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China gears up for growth in natural refrigerants

Natural refrigerant specialist shecco has unveiled its most ambitious research report to date – a survey of the current and potential market in China. Andrew Gaved reports

Market development specialist shecco has performed a tremendous service for the natural refrigerants sector via its three-pronged approach of promoting the technology; researching market activity; and providing access to policymakers.

In the combination of its websites, its Atmosphere conferences and its research publications, it has helped to create the ‘natural refrigerants industry’ – it has certainly helped the fledgling sector to grow at pace.

The latest piece of work Guide to Natural Refrigerants in China – State of the Industry 2015 is probably its most ambitious to date at 150 pages.

Carried out in collaboration with the Chinese Association of Refrigeration (CAR), the Guide aims to capture the state of the market, by way of an extensive survey with more than 1,000 respondents from the HVAC&R industry active in China, together with interviews with key personnel in various areas of the Chinese cooling industry on the current challenges and future potential of naturals.

The information is presented alongside the Guide’s trademark infographics to convey the key market trends.

According to shecco, although the region was slower than much of the rest of the world in leaving the starting gate, the past three years have seen a remarkable transformation of China’s natural refrigerant market, a fact which bodes well given the significance of the region in the light of a forthcoming HCFC phase-out – and its potential contribution to any global HFC phasedown.

“The favourable business and policy climate for both domestic and foreign companies is driving greater uptake of CO2, ammonia, hydrocarbons and water as refrigerants,” says Nina Masson, the report’s lead author and deputy md of shecco.

“The overall message is clear: China has started building the right tracks to be a major market supplier and demander for natural refrigerants in the coming five years – and for sure in the run-up to a global HCFC phase-out by 2030.”

The authors point out that the Chinese government is moving the market in the right direction, having agreed to support the global phasedown of HFCs and increasing the emphasis on energy efficiency and technology development in HVACR.

The survey reveals, they say, that while the market for naturals is still developing, the industry is well-informed and expectant of the potential for growth.

However, the survey respondents note a number of barriers that need to be overcome if naturals are to fulfil that potential.

A key challenge is training, which the report refers to as ‘the urgent and long-term need’ addressing installation, maintenance and the manufacturing process.

The authors conclude: “As such, training is one of the most important tasks for the Chinese industry today and will become even more important in the future when new technologies are expanded into new applications.”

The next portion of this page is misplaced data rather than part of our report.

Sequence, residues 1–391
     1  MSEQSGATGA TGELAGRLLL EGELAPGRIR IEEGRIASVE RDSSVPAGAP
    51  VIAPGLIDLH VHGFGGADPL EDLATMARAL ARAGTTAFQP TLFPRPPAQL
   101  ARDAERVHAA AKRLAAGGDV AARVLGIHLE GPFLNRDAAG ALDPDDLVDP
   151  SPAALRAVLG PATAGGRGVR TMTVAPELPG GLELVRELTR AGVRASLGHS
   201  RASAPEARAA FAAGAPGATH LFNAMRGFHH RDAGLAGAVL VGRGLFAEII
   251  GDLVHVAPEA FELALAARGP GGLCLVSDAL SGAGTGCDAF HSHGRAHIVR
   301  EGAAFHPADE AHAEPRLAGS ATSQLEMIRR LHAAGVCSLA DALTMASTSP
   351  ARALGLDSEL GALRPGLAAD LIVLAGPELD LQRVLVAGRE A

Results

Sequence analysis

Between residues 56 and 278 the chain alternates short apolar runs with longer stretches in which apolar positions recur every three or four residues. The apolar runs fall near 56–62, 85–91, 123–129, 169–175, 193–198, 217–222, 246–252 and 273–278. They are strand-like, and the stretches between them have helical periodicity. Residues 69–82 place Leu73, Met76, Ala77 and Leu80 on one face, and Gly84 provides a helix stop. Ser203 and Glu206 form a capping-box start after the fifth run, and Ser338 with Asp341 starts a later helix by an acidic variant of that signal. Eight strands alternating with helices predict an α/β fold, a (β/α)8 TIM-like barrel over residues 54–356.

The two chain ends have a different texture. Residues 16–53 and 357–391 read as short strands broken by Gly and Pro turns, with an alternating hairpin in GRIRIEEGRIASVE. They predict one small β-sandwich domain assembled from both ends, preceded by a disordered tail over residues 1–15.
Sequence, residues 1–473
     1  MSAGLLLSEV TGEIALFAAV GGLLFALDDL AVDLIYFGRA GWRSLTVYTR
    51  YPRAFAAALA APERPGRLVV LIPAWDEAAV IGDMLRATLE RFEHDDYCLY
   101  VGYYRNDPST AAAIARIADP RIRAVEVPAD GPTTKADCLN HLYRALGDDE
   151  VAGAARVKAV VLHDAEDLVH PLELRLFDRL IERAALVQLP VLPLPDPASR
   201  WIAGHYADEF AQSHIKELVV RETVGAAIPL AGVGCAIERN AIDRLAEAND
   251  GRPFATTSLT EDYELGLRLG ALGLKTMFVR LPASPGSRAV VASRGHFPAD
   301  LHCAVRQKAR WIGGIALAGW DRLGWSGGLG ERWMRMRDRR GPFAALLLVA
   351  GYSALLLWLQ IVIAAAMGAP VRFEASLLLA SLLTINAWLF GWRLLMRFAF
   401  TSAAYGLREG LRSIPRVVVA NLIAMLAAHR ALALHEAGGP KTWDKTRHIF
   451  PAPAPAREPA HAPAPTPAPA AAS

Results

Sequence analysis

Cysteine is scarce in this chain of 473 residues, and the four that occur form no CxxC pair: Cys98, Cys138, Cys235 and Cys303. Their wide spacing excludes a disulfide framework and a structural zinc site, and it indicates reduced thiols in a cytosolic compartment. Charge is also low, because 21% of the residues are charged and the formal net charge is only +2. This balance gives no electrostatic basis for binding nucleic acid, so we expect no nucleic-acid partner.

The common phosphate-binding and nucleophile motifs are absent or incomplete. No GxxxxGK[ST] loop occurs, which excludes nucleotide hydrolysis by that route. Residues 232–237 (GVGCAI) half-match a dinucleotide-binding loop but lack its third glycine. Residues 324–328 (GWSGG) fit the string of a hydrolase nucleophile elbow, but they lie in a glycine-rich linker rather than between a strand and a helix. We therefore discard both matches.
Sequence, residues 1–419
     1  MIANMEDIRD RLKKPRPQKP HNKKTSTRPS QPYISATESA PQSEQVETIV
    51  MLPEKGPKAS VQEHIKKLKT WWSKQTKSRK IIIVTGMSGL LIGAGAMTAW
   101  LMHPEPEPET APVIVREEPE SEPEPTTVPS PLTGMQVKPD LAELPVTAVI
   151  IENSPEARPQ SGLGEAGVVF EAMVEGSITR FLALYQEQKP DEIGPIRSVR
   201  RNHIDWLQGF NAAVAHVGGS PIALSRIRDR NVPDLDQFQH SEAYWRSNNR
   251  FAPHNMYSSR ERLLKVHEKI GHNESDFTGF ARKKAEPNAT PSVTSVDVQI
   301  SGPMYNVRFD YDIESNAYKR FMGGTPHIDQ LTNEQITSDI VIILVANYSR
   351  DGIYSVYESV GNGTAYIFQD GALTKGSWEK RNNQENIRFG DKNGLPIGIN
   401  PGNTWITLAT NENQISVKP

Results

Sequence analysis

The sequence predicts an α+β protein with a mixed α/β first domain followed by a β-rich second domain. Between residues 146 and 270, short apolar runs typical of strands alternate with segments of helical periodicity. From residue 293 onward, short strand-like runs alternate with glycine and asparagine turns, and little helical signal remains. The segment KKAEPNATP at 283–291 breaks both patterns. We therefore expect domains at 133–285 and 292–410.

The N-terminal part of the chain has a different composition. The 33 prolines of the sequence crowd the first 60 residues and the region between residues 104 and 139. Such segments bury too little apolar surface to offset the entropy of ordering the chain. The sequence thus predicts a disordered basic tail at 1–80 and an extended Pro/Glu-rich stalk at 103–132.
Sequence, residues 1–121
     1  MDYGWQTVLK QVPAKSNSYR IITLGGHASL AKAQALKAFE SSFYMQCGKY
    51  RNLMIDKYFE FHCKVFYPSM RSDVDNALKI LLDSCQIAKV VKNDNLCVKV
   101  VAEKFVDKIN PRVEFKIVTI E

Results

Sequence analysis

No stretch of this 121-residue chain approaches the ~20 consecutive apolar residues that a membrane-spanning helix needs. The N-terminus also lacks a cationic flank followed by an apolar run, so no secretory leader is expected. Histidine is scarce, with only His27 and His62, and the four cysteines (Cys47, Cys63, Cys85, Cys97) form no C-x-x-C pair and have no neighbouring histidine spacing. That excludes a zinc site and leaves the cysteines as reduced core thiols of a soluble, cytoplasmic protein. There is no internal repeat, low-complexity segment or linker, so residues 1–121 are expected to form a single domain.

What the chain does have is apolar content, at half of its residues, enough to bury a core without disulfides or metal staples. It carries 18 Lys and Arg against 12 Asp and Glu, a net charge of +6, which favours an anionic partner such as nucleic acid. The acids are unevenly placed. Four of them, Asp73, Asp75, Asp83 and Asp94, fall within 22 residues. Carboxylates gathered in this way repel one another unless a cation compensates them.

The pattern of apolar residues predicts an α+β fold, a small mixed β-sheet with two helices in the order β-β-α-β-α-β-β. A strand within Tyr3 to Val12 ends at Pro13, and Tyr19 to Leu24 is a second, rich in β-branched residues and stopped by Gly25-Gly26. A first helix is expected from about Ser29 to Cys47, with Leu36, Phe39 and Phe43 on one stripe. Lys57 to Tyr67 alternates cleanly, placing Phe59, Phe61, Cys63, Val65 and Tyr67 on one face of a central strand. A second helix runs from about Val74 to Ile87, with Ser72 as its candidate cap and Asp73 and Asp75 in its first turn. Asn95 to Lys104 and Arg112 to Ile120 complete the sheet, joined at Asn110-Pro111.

Driving change

Another area of challenge is in encouraging end-users to drive change in China, in the same way that they have in other parts of the world.

Shecco notes that while the international end-users – notably supermarket chains – can be key drivers, the Chinese end-users have not been as focused on environmental development as their international compatriots, but that gathering concern over air quality may help to drive change.

The most significant barriers to progress cited by current non-advocates of naturals are: safety; cost (both capital and operating); reliability; and lack of servicing infrastructure.

The results of the survey show that, perhaps in contrast to the perception of the region from other parts of the world, naturals already have an established share across different sectors. CO2 is currently the one which most people work with, with almost a third (29 per cent) of respondents saying that theyalready work with the refrigerant, although this figure will be somewhat inflated  by the inclusion of Coca-Cola vending machines, for example.

The state of the market is amply demonstrated by the fact that this figure is dwarfed by those who currently say they still work with HCFCs – 62 per cent.

The supermarkets have yet to embrace the potential – manufacturers of natural refrigerant-based systems indicate that there are currently 8 CO2-based supermarkets in China – and transcritical technology has not taken off yet, with the CO2 generally used in cascade. However, half of those that do not currently use natural refrigerants say they plan to introduce such products or services in the future.

Heat pumps represent a growth sector, with more than 300 commercial CO2 heat pumps in operation. Perhaps unsurprisingly, light commercial refrigeration has seen the most headway for naturals, with more than 750,000 HFC-free units in use in the region, using both CO2 and hydrocarbons. The use of hydrocarbons has also made progress in room air conditioning in recent years, and three R290 manufacturing lines are in production today, providing
annual production capacity of 400,000 units. 

The guide can be downloaded for free from http://publications.shecco.com

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